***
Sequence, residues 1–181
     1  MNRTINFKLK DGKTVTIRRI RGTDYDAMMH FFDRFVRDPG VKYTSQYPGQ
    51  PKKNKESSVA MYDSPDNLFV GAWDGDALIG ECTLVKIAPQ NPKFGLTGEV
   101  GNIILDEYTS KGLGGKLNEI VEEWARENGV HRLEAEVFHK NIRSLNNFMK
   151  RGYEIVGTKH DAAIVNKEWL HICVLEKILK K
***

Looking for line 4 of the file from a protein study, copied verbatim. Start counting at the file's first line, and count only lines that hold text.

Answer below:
   101  GNIILDEYTS KGLGGKLNEI VEEWARENGV HRLEAEVFHK NIRSLNNFMK